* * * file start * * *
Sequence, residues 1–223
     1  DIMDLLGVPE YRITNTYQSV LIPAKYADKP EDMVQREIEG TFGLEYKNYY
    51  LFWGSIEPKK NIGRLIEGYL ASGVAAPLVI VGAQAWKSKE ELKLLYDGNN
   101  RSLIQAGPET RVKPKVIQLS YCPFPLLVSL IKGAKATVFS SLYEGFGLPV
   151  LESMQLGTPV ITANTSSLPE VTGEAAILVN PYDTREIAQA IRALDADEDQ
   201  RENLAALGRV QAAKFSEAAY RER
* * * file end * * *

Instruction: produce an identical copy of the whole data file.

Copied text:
Sequence, residues 1–223
     1  DIMDLLGVPE YRITNTYQSV LIPAKYADKP EDMVQREIEG TFGLEYKNYY
    51  LFWGSIEPKK NIGRLIEGYL ASGVAAPLVI VGAQAWKSKE ELKLLYDGNN
   101  RSLIQAGPET RVKPKVIQLS YCPFPLLVSL IKGAKATVFS SLYEGFGLPV
   151  LESMQLGTPV ITANTSSLPE VTGEAAILVN PYDTREIAQA IRALDADEDQ
   201  RENLAALGRV QAAKFSEAAY RER